13. I was amazed to see this hat in detail for the first time and I immediately thought it looked like a Tudor headdress with the fabric ends tucked under. Now that I have seen that, I do appreciate it more. But it still doesn’t come across as a very attractive shape on the Queen. It might have been better with just the beaded cap and edge without the rest of it which gives it too much of a helmet look.

  14. Could we please get these “Closer Look” hats arranged in an index in the “design” tab as you did for all the Angela kelly styles. Cheers

  15. I too am loving the up close look at some of the Queen’s hats. This close-up shows just how much work goes into the making of a hat, and not just its structure, beautiful beading. I also always thought the outfit was cream in color. While the hat may not be for everyone it was a hat made for the occasion, a modern queen participating in a time honored tradition, with a hat made to play a part.

  16. This hat is unbelievably intricately put together and looks amazing — until it’s put on human head, that is. Everyone who’s seen pictures of the investiture in 1969 remembers this hat well, I’m sure, but probably for its ugliness rather than for its superb workmanship. On exhibit now, it’s perhaps now getting proper attention and adoration.
    Thank you again for these in-depth looks at historically significant hats!

    • Yes, serious respect for the hat now I’ve seen it in close up, but my goodness even my young eye could see at the time that it looked like a helmet (something from Dr Who!).

  17. I’m sorry, but I absolutely loathe the hat. It isn’t flattering in any way to the Queen. I can’t figure out what the designer was going for, but it is a spectacular failure.

  18. Seeing the details up close (which never were evident in photos from the actual event) make me appreciate this more, but I still think it’s one of my least favorite hats for HM. Calling the color “pale primrose” is much nicer than my description of butter yellow haha, but I do like the coat. This whole event was quite interesting, with the monochrome ensembles for HM, the Queen Mother, Margaret, and Anne, and much of it being organized by Lord Snowdon (whose family is largely Welsh).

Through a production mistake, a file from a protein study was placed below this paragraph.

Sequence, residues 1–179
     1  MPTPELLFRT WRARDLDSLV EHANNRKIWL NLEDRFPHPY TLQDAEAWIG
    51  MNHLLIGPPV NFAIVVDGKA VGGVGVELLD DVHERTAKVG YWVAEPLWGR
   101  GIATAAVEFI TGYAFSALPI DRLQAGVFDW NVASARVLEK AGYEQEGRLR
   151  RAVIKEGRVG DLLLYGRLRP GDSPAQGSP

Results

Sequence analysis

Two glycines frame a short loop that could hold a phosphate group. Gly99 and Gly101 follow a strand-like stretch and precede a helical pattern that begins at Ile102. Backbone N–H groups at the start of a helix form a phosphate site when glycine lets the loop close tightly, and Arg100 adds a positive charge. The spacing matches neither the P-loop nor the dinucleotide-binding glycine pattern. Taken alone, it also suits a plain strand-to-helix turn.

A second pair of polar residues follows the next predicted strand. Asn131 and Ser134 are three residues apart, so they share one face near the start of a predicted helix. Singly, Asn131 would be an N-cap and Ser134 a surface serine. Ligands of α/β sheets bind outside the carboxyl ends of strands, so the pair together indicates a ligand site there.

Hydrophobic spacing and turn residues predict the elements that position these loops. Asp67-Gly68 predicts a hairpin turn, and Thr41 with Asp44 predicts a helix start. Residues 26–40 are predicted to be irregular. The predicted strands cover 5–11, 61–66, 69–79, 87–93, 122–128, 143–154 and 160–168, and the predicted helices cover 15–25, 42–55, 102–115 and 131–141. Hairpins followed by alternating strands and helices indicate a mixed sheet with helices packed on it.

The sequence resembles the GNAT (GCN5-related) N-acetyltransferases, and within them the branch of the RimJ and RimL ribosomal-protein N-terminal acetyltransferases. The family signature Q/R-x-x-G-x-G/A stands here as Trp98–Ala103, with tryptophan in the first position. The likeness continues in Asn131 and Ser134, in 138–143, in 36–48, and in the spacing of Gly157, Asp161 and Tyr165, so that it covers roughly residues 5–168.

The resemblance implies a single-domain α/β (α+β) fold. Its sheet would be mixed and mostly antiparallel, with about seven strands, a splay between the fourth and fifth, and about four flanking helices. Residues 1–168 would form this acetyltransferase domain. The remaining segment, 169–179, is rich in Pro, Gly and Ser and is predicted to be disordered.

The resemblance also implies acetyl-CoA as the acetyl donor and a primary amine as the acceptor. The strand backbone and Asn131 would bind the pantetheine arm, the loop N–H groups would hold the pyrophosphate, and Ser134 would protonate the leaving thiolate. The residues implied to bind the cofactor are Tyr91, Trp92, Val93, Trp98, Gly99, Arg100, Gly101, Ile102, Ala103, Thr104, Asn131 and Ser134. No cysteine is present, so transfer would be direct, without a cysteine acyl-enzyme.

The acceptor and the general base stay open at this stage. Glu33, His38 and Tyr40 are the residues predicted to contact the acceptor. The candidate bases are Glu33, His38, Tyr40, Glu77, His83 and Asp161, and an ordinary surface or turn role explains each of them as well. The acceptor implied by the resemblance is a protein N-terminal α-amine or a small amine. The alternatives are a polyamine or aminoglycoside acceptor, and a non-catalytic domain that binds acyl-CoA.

19. The video really is quite stunning – I am LOVING these closer looks, so fab to see the work in these wonderful hats up close. This is obviously an iconic outfit, and the coat is just amazing, so sleek and 1960’s; viewed on it’s own, it becomes something really very wonderful, and of its time. The hat – well I think it looks better on than it does in isolation. The shape is novel, and although the closer look means you can really see the intricacy of the beading, I find the shape a bit odd looking in the video. Worn however, in the pictures, I think it looks fabulous – yes, it’s an unusual look, but this was worn by a Queen on a very important day; a hat to make a statement was required. I think she looked regal beyond belief in this amazing ensemble.

  20. Wow. I can’t say I like it, but I like having a better view of it, and the back story. The beading is exquisite! I see the tie-in with ancient court style but it doesn’t quite pull it off. I think if the hat sat lower on the head it might look better. Who knows? It’s an oddment of history now.

  21. The workmanship is obviously superb, and I love the coat. But that hast to be one of the worst hat shapes I’ve ever seen. Holy cow. Thanks for sharing though, all the beading is lovely.

  22. It’s quite a stunning hat when we get to see a closer look at it. The craftsmanship is exquisite! The dress in modern photographs is quite stunning, and displays the elegant simplicity of the 1960’s.

    As much as I appreciate the talent involved in the hat, it always looked a little bizarre to me when the Queen wore it. A mashup of ’60’s and medieval designs.